Many women shy away from cunnilingus. Why? Various women report that they feel self-conscious about their smell or taste, fear that their vulva is unattractive, feel pressure to orgasm quickly, don’t like losing face-to-face intimacy, or simply don’t believe their partner enjoys it too. This is a shame. You don’t have to look like a model to taste good.

You and your partner can create plenty of intimacy with sounds and caresses. And most of us — male and female alike — could use some practice just lying back and sharing our body. It’s hard to tune out that voice that says, “I’m being selfish, and my partner’s bored,” but good sex depends on it.

Never blow in the vagina, as this could cause medical problems. Other than that, pretty much anything goes — licking (every which way, varying the pressure), gentle sucking (very gentle), chewing (more gums than teeth), humming (deep notes are best), and the occasional finger for variety.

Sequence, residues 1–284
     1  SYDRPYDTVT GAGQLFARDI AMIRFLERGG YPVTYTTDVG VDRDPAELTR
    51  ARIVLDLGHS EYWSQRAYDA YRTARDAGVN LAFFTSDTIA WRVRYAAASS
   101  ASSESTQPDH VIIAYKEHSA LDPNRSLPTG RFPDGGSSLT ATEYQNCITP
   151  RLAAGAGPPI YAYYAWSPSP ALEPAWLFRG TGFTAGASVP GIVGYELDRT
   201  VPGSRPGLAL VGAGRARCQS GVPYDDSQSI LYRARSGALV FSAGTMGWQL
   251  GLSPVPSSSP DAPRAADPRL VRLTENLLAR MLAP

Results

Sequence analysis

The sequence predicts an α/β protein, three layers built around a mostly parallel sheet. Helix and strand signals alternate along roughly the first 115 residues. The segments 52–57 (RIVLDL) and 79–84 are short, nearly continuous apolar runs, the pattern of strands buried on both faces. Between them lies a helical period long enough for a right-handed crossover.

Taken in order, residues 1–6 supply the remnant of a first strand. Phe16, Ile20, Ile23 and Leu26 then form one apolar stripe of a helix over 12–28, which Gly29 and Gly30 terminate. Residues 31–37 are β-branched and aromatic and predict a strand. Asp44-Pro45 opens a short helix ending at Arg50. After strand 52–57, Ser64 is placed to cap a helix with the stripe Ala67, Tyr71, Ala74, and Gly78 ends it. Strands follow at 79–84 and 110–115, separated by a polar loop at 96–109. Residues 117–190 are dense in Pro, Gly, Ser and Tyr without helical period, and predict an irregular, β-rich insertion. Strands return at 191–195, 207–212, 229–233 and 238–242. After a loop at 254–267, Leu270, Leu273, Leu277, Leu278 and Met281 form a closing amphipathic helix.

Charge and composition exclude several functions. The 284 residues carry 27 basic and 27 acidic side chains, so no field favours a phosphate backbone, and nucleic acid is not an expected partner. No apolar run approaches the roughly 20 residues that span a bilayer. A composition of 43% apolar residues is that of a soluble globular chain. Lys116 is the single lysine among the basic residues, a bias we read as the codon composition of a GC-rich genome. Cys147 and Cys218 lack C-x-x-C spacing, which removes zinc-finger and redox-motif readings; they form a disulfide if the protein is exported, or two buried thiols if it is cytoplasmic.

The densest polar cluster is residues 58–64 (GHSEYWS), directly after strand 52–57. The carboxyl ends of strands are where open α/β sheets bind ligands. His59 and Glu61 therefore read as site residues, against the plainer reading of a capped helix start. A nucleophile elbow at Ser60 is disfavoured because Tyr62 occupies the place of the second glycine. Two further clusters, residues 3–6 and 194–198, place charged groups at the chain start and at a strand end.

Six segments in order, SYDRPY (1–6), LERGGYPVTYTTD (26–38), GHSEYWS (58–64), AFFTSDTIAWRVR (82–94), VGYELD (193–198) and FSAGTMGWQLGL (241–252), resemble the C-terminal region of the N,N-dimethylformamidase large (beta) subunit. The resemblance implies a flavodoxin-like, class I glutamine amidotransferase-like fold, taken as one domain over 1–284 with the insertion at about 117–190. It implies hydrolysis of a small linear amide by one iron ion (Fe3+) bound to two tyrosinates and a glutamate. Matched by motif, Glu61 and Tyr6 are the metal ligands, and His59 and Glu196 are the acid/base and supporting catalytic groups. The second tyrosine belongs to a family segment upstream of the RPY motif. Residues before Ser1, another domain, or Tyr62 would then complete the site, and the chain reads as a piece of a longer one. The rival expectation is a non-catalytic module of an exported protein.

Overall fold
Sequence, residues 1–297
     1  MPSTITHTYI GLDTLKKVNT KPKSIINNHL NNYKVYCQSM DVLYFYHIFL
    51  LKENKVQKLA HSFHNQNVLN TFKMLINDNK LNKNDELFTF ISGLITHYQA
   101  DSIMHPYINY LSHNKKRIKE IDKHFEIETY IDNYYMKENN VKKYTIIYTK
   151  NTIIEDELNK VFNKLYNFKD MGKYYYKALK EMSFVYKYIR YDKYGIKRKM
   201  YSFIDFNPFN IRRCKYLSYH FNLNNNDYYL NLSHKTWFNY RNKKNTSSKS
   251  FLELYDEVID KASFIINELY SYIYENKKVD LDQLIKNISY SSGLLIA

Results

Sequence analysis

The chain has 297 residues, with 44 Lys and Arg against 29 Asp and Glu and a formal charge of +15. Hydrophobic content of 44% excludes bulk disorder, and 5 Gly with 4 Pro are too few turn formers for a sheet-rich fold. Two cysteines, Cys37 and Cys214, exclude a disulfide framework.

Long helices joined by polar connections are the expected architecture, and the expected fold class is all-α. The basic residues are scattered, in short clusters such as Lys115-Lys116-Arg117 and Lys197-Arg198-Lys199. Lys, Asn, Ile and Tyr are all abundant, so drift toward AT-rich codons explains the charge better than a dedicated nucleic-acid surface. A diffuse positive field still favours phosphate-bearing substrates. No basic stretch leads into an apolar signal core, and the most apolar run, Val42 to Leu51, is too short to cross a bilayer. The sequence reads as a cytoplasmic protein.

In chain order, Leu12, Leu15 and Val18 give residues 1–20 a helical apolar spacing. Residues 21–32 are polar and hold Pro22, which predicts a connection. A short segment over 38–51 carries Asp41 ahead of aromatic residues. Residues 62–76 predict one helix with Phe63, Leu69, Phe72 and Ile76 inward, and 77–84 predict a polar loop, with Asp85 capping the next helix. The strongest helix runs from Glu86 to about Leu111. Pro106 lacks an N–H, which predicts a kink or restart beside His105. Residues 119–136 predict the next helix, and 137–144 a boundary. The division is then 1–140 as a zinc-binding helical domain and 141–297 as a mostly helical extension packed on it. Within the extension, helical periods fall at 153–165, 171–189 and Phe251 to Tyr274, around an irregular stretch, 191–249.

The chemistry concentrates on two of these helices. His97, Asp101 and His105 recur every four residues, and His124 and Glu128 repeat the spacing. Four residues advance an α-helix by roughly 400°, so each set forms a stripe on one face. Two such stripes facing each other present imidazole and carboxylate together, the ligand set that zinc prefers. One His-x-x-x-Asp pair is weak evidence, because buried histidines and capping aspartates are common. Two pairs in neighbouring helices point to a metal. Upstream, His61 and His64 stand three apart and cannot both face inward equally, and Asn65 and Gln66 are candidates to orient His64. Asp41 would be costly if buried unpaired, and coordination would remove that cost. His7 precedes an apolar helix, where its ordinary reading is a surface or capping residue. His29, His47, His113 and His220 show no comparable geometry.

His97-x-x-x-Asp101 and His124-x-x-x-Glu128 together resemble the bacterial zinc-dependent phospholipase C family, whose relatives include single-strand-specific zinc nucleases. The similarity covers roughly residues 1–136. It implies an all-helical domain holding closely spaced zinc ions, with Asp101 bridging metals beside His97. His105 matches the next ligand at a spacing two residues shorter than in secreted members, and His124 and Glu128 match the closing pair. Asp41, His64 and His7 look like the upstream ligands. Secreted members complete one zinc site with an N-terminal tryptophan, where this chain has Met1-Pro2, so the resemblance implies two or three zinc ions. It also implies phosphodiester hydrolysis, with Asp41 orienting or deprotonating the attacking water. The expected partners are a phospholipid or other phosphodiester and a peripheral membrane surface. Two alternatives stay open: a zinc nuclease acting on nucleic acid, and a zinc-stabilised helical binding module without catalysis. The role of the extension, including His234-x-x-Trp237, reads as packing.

If your partner smells stronger than you’d like, get a warm, damp washcloth and prepare her shrine for worship. Thank her for the opportunity to serve her. She’ll never forget it.

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Category : Blog
27
Oct


Role-playing involves a special relationship to sexual fantasy. It requires that you consciously acknowledge your fantasy, and that you share that fantasy with a partner who consents to participate in it.

The simplest kind of role-playing involves a person pretending to be different than he or she typically is. A meek person may pretend to be demanding; a voracious person may pretend to be inhibited.

Some role-playing involves specific roles or even scripts: doctor/patient, queen/foreign prince, Barbra Streisand/Ross Perot. Couples can simply imagine themselves in these roles and speak a sentence or two about them. “You haven’t had a checkup in two years. I better examine your prostate.” Or they can get more involved, speaking in role for most of the sexual encounter. A few simple props such as an apron or baseball cap can make these games even more engaging.